A Word with the one and only Jerry Blavat

For Jerry Blavat, it’s all about neighborhood, family, connection, dreams, and — of course — the music.

“We grew up in America when you knew your neighbor,” says Jerry. “We were young and music was our friend. Music spoke for the things that we felt.”

By way of example, he tells of a common occurrence from his many years in radio. “I’d be on the air and there’s a kid who went to [one of my] dances. I’m playing the music, and he’s dancing with a girl for the first time. And they listened to the radio.”

“He would call me up and say, ‘This is Ed.’”

(That’s the essence of Jerry: bringing someone he’s just met into the conversation, connecting with him.)

“‘Hey Ed, how are you? You were great last night dancing.’”

“He’d say, ‘You saw me dancing with Sue?’”

“‘Yeah, I saw you dancing with Sue. Make a dedication. What do you want to play for her?’”

“And he’d say, ‘You play a song and that will be our song.’”


“‘Sue, this is from Ed:’ ‘I Only Have Eyes For You.’”

“Then she would call me.”

“‘Geator, please play something for Ed.’ ‘You got it!’”

“Now that became their song because the lyrics spoke for the things he felt for her and that she felt for him. Music talks to the things that we experience.”

Growing up in South Philadelphia, Jerry’s childhood experiences were hardly those of the Father Knows Best-type of family seen on TV.

“I came from a broken family. I lived at my grandmother’s house. At night we would go to the bookie house. Then go to sleep, get up in the morning at five or six o’clock. My mother was a riveter during the Second World War. Ship us off to day nursery school. Pick us up [and] stay at my grandmother’s until we went home.” The neighbors, the older people, became Jerry’s second family.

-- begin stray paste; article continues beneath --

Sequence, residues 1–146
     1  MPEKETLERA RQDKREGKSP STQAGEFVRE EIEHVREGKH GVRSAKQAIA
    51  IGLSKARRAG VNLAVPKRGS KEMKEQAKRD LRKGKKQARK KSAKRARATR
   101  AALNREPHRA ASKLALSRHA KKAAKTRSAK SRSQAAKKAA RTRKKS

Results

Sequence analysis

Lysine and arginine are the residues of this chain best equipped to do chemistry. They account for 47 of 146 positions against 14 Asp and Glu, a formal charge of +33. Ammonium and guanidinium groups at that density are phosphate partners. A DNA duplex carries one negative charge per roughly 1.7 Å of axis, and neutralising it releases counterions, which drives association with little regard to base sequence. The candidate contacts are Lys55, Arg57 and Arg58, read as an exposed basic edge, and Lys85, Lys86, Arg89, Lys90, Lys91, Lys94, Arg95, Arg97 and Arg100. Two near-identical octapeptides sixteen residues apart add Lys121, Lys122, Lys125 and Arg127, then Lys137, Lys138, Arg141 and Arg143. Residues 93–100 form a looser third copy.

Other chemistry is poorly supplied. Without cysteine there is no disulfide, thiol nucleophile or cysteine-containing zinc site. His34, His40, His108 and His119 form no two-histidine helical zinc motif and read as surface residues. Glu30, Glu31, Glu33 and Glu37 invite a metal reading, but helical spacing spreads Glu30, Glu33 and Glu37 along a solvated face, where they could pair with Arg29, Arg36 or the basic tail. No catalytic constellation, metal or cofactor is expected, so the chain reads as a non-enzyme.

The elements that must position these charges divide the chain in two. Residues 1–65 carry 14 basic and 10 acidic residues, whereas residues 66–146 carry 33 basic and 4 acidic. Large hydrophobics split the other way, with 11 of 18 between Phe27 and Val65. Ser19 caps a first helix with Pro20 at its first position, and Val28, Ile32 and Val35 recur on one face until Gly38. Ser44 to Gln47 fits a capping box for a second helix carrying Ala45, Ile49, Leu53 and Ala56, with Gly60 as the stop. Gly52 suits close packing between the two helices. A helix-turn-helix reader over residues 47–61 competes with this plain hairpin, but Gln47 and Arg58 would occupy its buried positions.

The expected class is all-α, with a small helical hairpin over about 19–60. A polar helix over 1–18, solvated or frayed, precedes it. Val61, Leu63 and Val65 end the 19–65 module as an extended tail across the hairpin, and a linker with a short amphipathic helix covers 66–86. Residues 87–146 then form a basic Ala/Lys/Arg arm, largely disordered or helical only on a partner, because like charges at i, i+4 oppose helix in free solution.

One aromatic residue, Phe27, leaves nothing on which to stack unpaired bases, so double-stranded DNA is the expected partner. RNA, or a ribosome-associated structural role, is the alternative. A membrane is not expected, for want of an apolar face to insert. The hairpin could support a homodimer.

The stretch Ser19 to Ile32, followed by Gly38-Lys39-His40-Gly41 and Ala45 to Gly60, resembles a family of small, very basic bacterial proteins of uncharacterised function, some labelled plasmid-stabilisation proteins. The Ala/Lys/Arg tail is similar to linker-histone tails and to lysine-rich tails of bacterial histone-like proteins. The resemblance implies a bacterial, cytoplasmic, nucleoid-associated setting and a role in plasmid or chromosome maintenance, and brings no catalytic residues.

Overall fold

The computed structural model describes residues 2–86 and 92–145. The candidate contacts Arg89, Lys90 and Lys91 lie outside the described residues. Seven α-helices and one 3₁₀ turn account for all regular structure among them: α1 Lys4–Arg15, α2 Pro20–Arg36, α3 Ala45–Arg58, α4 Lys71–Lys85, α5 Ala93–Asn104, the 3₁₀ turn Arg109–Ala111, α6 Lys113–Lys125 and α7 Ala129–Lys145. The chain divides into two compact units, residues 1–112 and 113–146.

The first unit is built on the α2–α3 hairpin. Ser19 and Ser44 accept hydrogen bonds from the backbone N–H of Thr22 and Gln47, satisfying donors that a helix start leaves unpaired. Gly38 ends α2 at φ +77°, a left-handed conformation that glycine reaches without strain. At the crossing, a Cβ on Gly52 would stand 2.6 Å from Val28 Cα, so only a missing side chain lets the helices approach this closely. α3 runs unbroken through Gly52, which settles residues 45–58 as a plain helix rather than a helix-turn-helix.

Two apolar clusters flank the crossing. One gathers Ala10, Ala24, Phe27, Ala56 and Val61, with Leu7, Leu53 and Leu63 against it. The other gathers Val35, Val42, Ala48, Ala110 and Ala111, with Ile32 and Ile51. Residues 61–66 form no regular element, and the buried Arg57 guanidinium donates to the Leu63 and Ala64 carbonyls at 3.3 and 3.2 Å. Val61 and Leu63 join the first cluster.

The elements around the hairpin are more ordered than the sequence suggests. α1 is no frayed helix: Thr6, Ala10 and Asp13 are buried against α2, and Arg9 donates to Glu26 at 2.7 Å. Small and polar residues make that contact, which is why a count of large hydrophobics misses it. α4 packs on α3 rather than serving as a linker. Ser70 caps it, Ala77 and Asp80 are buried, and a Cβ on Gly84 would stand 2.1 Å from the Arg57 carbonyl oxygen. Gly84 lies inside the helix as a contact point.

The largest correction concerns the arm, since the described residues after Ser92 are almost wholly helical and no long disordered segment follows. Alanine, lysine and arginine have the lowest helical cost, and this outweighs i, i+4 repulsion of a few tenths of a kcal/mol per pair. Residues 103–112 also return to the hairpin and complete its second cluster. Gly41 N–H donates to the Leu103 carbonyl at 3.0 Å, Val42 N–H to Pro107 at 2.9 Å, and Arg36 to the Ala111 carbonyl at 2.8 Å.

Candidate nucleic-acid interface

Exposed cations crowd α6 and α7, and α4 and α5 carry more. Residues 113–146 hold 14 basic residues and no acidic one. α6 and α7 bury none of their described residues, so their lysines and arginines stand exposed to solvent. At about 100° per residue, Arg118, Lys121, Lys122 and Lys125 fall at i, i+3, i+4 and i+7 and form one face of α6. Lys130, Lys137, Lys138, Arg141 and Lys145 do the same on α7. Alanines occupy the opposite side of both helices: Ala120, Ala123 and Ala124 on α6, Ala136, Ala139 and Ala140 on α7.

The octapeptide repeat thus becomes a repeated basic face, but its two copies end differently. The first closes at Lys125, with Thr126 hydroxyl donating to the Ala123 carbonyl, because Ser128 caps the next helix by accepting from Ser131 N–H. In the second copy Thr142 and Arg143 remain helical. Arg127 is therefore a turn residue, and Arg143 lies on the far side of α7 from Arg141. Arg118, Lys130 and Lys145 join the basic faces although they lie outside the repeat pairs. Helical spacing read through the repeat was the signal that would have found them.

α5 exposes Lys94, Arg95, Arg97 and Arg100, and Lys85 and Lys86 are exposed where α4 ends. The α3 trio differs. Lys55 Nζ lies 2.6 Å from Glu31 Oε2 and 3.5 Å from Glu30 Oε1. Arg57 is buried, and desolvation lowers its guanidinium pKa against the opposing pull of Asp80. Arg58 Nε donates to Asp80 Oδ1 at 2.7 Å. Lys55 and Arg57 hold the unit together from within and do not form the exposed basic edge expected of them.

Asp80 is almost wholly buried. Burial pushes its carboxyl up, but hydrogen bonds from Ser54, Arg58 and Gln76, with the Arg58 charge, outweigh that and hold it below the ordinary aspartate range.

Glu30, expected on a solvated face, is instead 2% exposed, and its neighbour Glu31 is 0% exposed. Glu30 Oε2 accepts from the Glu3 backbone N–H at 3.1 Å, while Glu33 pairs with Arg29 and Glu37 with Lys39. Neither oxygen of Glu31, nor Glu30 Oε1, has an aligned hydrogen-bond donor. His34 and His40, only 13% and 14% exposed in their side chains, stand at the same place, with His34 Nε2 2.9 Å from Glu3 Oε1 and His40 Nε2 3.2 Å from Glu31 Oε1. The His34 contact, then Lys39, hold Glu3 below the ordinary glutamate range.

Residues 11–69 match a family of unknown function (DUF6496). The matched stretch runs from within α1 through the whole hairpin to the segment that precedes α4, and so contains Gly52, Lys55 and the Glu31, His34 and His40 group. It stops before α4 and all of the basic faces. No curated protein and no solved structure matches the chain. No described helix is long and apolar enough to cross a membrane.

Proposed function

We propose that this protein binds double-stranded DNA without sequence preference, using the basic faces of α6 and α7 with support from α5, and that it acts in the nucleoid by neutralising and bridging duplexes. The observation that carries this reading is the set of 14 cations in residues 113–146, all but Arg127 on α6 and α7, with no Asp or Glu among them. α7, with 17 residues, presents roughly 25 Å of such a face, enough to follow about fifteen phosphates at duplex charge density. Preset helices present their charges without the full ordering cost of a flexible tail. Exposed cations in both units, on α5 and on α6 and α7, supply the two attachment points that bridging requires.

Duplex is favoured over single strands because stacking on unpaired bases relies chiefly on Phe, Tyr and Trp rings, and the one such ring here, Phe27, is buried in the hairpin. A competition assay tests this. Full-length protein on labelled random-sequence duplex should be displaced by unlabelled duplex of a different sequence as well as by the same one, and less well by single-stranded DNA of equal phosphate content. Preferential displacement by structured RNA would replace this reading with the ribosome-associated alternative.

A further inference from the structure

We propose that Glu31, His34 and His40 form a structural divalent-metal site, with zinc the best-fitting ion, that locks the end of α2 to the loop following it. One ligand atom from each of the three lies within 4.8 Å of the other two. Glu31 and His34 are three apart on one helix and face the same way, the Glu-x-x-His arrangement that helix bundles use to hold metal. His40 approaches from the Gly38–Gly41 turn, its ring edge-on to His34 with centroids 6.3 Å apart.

“Look,” Jerry continues. “I’m half Italian, half Jewish. I remember seeing all the Jewish wise guys, dressed to the ’T,’ going into the bar, where I saw them drinking scotch and bourbon, smoking cigarettes. I learned from the older Jewish guys in the record business. I love the Italians but I wanted to have that class that those Jewish people had.”

His first steps toward achieving that dream were “as a kid dancer, at 13 years of age in 1953, on a local show called Bob Horn’s Bandstand. You had to be 14 but I snuck in. I won a jitterbug contest, got fan mail. I won another jitterbug contest. By the time they found out I wasn’t 14, there was nothing they could do. The host said to me, ‘You’re one of the most popular kids on the show. No more getting into dance contests, but [we’ll make] you the head of the dance committee.’”

“My other duties were picking the music and making sure that when the show went live, I would greet the guests and make sure that when Bob Horn said, ‘We’ve got company,’ they would hit their mark on the floor.”

He met the big stars of the day: Tony Bennett, The Four Aces, Joni James, and one in particular who became a friend for life. “One day I’m jitterbugging and I got off the floor to get this little guy [to hit his mark]. And before I can say [anything], the guy says, ‘Man, where did you learn to dance like that?’”